April 10, 2008

Hope and Humans.

Written yesterday:

I thought of Adriana today.

I was contacted in the morning by the head of the Hillah doctors' association about helping a 13-year old Iraqi girl who was involved in a road accident and is now paralyzed. Without urgent medical attention, her prognosis is that she will suffer permanent paralysis and be a quadriplegic. Adequate medical care is not available in Hillah nor, it turned out, even in Baghdad. Those hospitals don't have the a surgical capabilities to deal with the spinal fractures she suffered.

We in the PRT were grounded today in anticipation that there might have been a resurgence of violence. Last evening Moqtada al-Sadr called off today's planned Million Man March on Baghdad, and some people were expecting the south-central provinces to be the stage for Sadr's followers to take to the streets. That left PRT staff with no outside activities scheduled. That was fortunate, because when I learned about this case, I asked my staff to start working on getting the young girl to Baghdad, not knowing then that even Baghdad did not have the required facilities. Well, everyone from the security offices in Hillah and Baghdad and a major contractor's physician's assistant in Hillah, to the Locally Engaged Staff, contract employees, FSOs (Foreign Service Officers) and the Third Infantry Division staff, all got behind the effort throughout the day. You would have thought that I put up the Hope Diamond as a prize!

After lots of hard work through the course of the day all the elements seemed to come together. I signed off on a memo this evening to the Chargé to have a formal request made so that this little girl will fly out of our compound tomorrow to a U.S. military medical facility north of Baghdad. Tragically, her Mom died today of injuries sustained in the same road accident. There are a few poignant ironies in all of this which give our help extra meaning, but that will have to await another day.

On reflection, it became apparent to me why so many people threw themselves into this effort with such gusto -- arranging in one day a medical helo, translating, scanning and transmitting medical records, working the phones, getting approvals, coordinating with the Hillah hospital and the family, arranging for ambulance transport, arranging for an accompanying nurse -- a PRT Civil Affairs officer who also has a teenage girl back in the US -- and lining up some media coverage. (After all, if we are going to do all this for a 13-year old girl, for whom the USG has no responsibility, there is no reason to keep that news under a rock.)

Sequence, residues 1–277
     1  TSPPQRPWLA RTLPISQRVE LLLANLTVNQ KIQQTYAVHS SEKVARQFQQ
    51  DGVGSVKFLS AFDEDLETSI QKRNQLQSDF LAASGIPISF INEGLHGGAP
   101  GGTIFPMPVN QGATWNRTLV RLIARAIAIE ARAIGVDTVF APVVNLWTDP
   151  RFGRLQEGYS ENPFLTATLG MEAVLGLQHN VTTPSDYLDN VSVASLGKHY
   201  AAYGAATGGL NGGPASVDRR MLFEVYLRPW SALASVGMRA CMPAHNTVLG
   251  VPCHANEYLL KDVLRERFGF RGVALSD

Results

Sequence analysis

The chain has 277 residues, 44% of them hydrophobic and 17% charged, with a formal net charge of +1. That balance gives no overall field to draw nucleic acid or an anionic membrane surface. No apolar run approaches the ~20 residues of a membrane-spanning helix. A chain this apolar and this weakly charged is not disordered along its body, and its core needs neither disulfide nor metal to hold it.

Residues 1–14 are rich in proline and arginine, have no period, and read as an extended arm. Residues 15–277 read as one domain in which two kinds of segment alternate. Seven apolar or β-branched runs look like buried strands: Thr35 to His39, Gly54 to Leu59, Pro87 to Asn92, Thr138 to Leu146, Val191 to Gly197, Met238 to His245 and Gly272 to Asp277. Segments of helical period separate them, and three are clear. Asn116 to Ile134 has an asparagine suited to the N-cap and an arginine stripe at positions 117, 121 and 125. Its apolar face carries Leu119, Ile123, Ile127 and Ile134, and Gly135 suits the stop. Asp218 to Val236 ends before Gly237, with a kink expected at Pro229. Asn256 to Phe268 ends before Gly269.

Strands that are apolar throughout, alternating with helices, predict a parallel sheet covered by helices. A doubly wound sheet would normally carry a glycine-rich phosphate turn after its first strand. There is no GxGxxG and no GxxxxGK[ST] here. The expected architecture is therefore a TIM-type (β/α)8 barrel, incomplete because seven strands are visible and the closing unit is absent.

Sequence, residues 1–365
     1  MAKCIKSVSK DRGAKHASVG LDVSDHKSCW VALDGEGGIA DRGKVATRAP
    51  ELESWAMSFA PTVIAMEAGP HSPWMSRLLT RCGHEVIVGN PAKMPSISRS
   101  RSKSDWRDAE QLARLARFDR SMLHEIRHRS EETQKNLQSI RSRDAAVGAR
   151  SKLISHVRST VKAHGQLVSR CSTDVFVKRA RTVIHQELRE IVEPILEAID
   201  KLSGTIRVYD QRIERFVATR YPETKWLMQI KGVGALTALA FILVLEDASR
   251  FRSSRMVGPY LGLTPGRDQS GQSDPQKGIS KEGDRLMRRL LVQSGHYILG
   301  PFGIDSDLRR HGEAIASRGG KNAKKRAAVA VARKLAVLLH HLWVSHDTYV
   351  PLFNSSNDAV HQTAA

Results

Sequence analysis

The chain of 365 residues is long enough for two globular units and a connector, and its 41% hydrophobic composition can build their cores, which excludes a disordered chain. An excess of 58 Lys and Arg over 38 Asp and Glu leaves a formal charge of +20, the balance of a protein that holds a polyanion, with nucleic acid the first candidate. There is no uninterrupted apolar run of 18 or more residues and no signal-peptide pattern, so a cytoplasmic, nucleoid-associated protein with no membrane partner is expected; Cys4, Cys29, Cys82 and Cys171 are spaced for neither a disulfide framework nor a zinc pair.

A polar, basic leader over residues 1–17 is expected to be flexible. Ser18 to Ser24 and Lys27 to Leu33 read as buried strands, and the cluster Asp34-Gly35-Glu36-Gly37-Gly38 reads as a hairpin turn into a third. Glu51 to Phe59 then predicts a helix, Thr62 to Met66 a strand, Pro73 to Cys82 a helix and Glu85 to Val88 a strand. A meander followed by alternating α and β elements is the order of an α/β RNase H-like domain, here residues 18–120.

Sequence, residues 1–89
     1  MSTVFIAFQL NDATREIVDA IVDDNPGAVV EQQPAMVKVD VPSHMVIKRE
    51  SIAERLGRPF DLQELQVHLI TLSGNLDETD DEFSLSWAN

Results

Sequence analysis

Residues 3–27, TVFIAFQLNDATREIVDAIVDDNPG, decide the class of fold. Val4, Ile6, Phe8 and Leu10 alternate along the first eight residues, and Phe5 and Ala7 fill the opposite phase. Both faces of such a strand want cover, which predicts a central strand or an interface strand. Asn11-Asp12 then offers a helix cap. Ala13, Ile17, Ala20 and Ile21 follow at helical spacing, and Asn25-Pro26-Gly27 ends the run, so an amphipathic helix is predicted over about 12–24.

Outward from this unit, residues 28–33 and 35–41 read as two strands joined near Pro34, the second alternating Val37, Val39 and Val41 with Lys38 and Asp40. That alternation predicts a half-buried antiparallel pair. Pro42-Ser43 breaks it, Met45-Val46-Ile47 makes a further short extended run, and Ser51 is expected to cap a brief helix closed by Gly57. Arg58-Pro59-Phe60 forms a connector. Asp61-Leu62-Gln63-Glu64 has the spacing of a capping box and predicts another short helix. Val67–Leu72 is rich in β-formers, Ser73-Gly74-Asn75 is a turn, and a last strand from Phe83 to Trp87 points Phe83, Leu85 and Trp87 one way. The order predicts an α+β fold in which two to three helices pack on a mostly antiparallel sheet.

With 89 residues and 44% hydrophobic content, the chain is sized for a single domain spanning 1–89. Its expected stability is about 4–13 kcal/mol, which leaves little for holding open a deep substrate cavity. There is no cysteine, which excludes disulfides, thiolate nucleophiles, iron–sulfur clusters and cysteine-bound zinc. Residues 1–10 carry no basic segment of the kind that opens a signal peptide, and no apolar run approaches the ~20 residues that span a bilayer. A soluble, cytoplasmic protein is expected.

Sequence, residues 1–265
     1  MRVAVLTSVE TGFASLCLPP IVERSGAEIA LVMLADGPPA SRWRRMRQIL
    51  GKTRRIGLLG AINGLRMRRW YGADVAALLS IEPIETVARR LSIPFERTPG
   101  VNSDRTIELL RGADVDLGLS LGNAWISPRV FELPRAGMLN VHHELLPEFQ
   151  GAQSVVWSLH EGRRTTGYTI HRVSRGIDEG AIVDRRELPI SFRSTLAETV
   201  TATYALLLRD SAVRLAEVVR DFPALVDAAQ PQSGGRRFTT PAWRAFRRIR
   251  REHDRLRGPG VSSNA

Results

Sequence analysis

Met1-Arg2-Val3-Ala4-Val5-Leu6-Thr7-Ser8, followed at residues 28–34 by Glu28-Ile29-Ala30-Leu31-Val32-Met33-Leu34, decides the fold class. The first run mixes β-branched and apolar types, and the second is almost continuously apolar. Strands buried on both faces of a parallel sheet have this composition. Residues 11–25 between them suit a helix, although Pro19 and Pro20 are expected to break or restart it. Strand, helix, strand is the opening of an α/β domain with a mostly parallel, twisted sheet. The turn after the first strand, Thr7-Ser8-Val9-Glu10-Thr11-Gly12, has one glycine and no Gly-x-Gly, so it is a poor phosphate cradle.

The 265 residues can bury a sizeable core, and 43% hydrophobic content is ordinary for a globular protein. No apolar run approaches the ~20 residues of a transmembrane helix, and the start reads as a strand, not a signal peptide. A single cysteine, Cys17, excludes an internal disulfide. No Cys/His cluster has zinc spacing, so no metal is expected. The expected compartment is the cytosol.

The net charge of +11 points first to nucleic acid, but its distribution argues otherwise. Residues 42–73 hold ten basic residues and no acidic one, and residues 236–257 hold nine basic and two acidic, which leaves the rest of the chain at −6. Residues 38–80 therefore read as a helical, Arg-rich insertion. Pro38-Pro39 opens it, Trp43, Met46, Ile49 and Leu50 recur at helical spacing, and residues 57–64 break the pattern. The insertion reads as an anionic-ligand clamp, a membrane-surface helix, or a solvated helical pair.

The reason for this humanitarian surge, perhaps, is that amidst all the death and destruction and occasional despair in and around our little corner of Iraq, the chance to save a little girl from permanent paralysis gave everyone a sense of promise and purpose. It is the antidote of hope to the horrors of war, and it just made everyone feel good. Between 6-7am Thursday morning we should know if we have a green light, and when that little girl flies out of here, she'll carry with her the hopes of more people than she'll ever know.

1 comment:

rjdahlke2008 said...

Thanks for your entry today, Ken. I've added your blog to my Favorites. I'll hope for good news on Adriana as morning dawns in Iraq. Thanks for your efforts in communicating with those of us far from you. Your writings add meaning, purpose to my daily work.

Kind regards from Warsaw,

Bob Dahlke